In that conversation when you checked whether your beloved is an “Aquarius” or “Pisces” you’d have done well to learn how your money “signs” matched, too.
Money differences have real consequences.
South Dakota financial planner Rick Kahler, an expert on the psychology of money, tells the story of a penny-pinching wife married to a big spender who was also self-employed. Whenever he was paid, she put aside money into an account earmarked for taxes, with his permission. But her husband liked to dip into the account to splurge on gifts for their kids. Every year, they ended up borrowing from a bank to pay his taxes and the loan, with interest, became part of theirbudget. The wife, meanwhile, obsessed over every extra dime spent on food, gas and other ordinary expenses.
They came to Kahler for help. Convincing the man not to touch the tax kitty took five years and much talking, Kahler says. “I recommend that couples with these issues find a financial planner or therapist who is clued into the emotional side of money,” he says. “Overspending and scrimping come from ideas about money we pick up by about the age of 10.”
When Kahler was eight, for example, his mother used to talk about the family going broke. He became an “extreme saver” who “went comatose” whenever the stock market dropped or he had a bad month for earnings, fearing that the end was near. He couldn’t bear to spend money on a vacation though he could well afford one. Now, after years of his own therapy, he’s visited Spain, Italy and Asia within a year.
Kahler says he needed to take himself through the steps in “A Christmas Carol.” Scrooge has to face his past, see how it affects his present, and then imagine his future if he doesn’t change. Start by recognizing your money personality, and if you’re extreme enough to need change. The easiest way to identify a problem is to “ask your spouse,” Kahler says.
Don't count on your partner adopting your money ways just because you're together.
"A lot of people have the fantasy that marriage will change their partner," notes California psychotherapist Margaret Cochran, who often works with couples. "It won’t. I know a girl who was madly in love with a man who liked to go to Vegas with his friends to drink. She thought that once they got married he would settle down.
Six months after the wedding, she found phone calls on his cell phone from collection agencies and discovered that he was a gambler with a big debt. The only reason her house wasn’t at risk was because she hadn’t changed the title yet to add him.
Here are some common money personalities:
Spenders are fun to be around, unless you’re married to one who goes overboard. Generous and impulsive, they live for today, don’t worry about the future and end up with too much stuff — as well as debt or no savings.
Second-guessers like to spend and regret it afterwards. They may still overspend next time.
Planners are people who build habits that let them live comfortably within their means, and save for emergencies and the future.
Cheapskates scrimp on tips, presents and essential purchases and repairs. They’ll live with an old car that constantly needs repair even though they can afford a new one or tolerate a leaky ceiling. They also tend to be extreme savers.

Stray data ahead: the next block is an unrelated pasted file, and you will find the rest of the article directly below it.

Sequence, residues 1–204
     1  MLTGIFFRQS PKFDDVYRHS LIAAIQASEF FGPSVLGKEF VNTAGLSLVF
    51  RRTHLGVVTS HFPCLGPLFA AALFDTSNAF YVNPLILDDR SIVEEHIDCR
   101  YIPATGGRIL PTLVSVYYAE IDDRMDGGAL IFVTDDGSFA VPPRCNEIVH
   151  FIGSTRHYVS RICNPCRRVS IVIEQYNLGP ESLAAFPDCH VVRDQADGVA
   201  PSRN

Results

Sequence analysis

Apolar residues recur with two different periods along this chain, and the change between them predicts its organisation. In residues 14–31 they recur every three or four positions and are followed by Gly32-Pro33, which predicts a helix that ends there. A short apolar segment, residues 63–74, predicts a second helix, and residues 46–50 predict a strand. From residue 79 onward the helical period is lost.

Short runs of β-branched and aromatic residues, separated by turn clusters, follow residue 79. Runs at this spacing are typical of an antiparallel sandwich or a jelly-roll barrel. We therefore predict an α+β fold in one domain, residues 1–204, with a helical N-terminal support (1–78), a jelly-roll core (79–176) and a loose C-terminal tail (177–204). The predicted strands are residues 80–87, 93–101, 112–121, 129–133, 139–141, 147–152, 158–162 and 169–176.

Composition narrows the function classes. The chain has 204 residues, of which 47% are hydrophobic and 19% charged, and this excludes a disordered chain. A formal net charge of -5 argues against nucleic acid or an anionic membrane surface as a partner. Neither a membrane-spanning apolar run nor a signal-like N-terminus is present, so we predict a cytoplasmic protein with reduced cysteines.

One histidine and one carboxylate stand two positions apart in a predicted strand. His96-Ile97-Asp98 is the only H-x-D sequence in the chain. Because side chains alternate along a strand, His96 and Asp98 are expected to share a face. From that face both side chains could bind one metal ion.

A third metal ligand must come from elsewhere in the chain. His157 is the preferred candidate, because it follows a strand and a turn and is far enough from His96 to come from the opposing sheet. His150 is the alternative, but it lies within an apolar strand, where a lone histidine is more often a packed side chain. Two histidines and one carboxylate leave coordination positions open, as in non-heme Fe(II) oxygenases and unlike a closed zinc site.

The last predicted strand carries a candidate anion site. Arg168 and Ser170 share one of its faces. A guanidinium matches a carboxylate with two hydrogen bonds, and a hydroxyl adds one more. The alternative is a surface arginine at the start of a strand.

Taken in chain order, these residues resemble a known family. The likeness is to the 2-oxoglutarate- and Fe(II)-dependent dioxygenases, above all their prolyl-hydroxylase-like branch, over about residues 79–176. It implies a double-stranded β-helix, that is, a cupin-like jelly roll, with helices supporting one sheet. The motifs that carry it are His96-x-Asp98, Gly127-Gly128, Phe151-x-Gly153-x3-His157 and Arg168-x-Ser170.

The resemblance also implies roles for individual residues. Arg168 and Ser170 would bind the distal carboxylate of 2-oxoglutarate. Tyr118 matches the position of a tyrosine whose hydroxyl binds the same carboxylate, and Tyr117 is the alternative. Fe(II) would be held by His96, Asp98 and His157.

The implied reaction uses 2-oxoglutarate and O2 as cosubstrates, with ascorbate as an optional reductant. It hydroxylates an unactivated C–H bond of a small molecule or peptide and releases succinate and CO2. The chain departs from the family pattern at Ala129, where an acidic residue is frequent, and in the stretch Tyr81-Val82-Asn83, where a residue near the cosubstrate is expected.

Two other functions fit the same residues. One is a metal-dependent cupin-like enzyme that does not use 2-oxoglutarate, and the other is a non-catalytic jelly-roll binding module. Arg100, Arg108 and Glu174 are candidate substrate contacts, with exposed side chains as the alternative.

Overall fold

Here are some tips for overspenders:
- Pay only in cash.
- Set up automatic paycheck deductions for retirement savings that increase with your income.
- Arrange automatic payments for credit card payments.
What should you do if your partner has debt? You can't count on finding a debt-free spouse these days, especially if you're in your twenties. In a recent PNC Bank survey of people in their 20s with at least some college, 60 percent said their debt was stressing them out. Nearly 40 percent reported holding credit card debt, which came to $4,600, on average. Among respondents ages 28 and 29, the average debt load was a whopping $78,000.
Cochran advises couples with credit card debt to go cold turkey on their plastic. " It’s good to have a credit card with no balance for an emergency, but you keep it in a drawer, not in your wallet, and you only make joint decisions to use it."
The spouse who doesn't have the debt problem may think it's okay to use plastic. But Cochran thinks to be "married, body, soul and spirit, you take stuff on together," including the debt issue. If you're considering a committment to someone with a debt issue, you might ask them to see a financial adviser or therapist before you move in or marry. You need to be sure you understand the source of the problem.
"It may be a gambling problem, or compulsive spending, or even other relationships. I know of a guy who sent his mistress a gift from Tiffany’s on his wedding day," Cochran says.
If you're the one with the debt, you may be tempted to hide it. That's a mistake. As Cochran points out, you need to see how your honey responds. "You may find that the person you’re marrying is a financial bully. He says, “I make more money than you, so I make the decisions.” If you know about this ahead of time, you may decide it’s not a good relationship. Sometimes the partner who has more debt can feel trapped and the other person regularly reminds him of that. It can get ugly," she says.
So talk to your honey about money and resolve to solve any problems together. If you can cooperate in this essential area, you'll feel closer and stronger as a team, and you'll truly be taking care of yourselves and each other.
Portions of this article previously appeared on DimeSpring.
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